Bibimbap (Rice, Namul and Gochujang)
If you have contemplated moving to Korea Iâm sure the first dish you heard of was bibimbap. Bibimbap is served in a bowl with cooked white rice, egg and namul. You gochujang is either already in the dish or given to you in a bottle to add liberally or conservatively. Namul is the name for any vegetable cocktail, but particularly with bibimbap the namul is usually bean sprouts, spinach, daikon, seaweed, and bracken fern. Other vegetables might be added to the namul depending on the restaurant. Â Dolsot bibimbap has all the same ingredients, but is served in a stone pot that is extremely hot in temperature. A raw egg is thrown and cooks itself in the pot.Â
Bulgogi (Beef strips)
Bulgogi is marinated beef strips from sirloin that are cooked over an open flame. The beef strips are generally marinated with sesame oil, soy sauce, sugar, and garlic and is either given to the customer to grill right at their table or prepared by the restaurant cook. Bulgogi restaurants will give you lettuce wraps for when the meat is ready to be eaten. If you donât like beef you can order the dak bulgogi (chicken) or the dwaeji bulgogi (pork).Â
Galbi is marinated beef ribs that are also grilled over an open flame. The ribs are marinated in a special fermented soy sauce known as ganjang. Galbi restaurants have grill tables for customers to be able to cook their own meat. Much like bulgogi customers are given lettuce wraps for the meat. Again if you donât like beef, you can order dak galbi (chicken) or dwaeji galbi (pork ribs).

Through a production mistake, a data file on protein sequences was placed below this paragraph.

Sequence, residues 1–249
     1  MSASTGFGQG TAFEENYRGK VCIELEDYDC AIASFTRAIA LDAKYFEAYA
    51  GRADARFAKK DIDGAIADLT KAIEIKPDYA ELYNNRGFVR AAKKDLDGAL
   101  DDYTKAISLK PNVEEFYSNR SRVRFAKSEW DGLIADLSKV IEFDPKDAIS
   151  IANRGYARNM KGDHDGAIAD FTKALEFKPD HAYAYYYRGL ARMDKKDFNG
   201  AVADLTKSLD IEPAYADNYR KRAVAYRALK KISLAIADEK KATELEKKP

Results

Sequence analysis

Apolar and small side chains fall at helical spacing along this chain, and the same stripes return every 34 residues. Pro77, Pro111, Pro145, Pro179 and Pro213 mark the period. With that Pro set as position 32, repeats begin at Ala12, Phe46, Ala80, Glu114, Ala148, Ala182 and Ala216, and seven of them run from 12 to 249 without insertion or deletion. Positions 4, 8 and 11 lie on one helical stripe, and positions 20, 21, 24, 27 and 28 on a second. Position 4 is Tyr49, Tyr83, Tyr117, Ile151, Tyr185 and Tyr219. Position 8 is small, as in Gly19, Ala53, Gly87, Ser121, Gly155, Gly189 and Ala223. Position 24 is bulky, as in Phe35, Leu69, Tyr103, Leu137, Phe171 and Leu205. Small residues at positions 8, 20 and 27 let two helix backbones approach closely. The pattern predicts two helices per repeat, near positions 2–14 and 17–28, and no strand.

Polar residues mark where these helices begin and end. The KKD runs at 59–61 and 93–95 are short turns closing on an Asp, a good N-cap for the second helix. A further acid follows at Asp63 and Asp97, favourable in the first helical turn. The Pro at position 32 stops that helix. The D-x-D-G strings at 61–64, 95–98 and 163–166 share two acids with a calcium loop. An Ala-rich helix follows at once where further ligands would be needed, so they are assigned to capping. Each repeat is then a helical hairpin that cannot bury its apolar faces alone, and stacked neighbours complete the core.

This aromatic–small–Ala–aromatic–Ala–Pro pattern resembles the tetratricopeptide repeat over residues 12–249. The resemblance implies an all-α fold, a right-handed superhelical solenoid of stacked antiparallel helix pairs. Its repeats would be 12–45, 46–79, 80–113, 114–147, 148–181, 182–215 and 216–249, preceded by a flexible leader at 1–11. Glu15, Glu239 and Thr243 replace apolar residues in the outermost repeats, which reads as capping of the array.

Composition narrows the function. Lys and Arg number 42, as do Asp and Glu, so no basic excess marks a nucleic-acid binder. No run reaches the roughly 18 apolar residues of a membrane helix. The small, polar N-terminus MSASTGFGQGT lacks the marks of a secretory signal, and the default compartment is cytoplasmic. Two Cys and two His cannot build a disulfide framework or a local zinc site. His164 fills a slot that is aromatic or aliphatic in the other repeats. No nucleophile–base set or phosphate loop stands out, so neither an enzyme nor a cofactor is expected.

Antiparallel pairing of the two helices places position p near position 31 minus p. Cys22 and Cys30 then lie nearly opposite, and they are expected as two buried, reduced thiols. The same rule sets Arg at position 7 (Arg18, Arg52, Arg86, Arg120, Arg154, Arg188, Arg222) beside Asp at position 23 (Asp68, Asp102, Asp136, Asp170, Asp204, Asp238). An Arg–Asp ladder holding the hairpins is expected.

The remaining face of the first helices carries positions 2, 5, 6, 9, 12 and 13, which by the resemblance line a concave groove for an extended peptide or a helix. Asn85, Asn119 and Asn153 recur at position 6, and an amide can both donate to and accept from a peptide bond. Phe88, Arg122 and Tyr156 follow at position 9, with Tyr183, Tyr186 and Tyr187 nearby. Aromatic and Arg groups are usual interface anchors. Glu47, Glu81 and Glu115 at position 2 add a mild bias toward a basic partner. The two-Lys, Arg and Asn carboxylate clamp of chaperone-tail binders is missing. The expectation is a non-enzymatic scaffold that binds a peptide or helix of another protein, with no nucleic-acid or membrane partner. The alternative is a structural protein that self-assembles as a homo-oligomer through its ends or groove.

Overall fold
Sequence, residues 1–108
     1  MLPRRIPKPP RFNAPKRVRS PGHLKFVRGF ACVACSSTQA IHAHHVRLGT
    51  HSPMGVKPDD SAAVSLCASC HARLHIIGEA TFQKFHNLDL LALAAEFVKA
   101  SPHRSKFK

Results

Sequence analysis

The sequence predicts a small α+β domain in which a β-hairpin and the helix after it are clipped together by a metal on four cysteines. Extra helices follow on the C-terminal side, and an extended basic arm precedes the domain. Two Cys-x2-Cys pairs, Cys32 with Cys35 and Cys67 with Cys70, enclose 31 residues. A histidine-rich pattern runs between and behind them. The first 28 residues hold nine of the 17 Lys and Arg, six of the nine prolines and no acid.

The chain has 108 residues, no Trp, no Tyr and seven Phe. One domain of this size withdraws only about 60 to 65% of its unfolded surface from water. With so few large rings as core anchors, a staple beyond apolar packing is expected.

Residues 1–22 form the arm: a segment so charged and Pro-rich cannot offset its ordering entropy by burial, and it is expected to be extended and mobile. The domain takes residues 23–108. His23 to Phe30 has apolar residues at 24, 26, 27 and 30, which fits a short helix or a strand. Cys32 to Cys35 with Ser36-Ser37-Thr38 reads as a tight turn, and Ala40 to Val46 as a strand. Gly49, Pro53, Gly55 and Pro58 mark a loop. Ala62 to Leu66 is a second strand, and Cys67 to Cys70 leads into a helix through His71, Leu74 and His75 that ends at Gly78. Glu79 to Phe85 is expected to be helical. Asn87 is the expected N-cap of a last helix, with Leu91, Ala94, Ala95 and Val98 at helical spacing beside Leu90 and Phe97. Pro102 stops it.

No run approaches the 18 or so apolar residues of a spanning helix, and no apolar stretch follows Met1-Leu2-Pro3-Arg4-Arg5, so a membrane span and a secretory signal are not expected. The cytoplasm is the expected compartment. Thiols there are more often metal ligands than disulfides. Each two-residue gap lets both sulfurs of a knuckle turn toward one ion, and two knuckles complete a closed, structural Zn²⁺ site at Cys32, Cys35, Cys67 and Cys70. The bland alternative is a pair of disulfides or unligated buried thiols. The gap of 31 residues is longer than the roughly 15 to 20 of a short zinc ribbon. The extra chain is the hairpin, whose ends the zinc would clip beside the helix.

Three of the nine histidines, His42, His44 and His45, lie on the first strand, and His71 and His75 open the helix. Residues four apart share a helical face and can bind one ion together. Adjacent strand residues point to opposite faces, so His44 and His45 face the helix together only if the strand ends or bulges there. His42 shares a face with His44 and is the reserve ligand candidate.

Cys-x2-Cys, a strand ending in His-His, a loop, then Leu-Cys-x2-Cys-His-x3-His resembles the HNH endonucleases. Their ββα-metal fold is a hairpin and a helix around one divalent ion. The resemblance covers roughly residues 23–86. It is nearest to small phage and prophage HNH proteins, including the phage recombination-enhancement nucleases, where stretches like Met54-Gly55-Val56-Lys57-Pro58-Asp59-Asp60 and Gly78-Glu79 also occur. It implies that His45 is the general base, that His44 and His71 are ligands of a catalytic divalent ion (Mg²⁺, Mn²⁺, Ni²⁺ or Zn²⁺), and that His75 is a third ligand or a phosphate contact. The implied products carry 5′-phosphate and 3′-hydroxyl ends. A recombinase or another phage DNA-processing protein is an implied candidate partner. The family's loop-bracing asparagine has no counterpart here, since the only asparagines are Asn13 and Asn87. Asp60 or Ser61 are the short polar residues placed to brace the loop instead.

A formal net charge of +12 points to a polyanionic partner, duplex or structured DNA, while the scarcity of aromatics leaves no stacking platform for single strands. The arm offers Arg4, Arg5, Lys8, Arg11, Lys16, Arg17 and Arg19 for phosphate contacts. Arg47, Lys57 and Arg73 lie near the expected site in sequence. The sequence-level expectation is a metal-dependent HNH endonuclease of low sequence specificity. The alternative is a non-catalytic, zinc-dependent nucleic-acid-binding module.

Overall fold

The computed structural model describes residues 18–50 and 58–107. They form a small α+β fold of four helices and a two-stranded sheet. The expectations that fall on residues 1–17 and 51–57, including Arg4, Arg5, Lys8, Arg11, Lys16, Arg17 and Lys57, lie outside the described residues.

Gimbap (Korean Sushi)
Gimbap is Koreaâs version of sushi and there can be many combinations of it. Much like sushi, rice is spread over a flat rectangular piece of seaweed and rolled into a circular tube. Regular gimbap is generally just filled with layers of vegetable strips, although some restaurants offer meat, seafood or egg fillings.
Mandu is a dish served with filled dumplings and can be fried, steamed, or served in Korean dumpling stews. The dumpling itself can be filled with kimchi, vegetables, pork, beef, or chicken.
Pajeon (Fried Pancake)
Pajeon only resembles a pancake, but certainly doesnât taste like one. It is made from a batter of eggs, flour, and green onions. Seafood is commonly added to Pajeon, but there are also beef, chicken, and kimchi versions. It is served with a salty soy sauce for dipping. It is said that Koreans like to eat pajeon on rainy days.
Naengmyeon (Cold Noodles)
Naengmyeon is a dish of noodles served cold and is very popular in summertime. These long thin noodles are made from the flour and starch of potatoes and buckwheat.Â The broth is made from chicken, beef or dongchimi. For you vegetarians out there, if you wish to eat naengmyeon, ask if the broth is made from dongchimi. Dongchimi is a vegetarian fermented broth made from assorted vegetables.
Remember to Share!
When going out to eat with a Korean it is best for you to know that Korean food is commonly shared with a group at the restaurant. Offer up your plate to your friends and enjoy!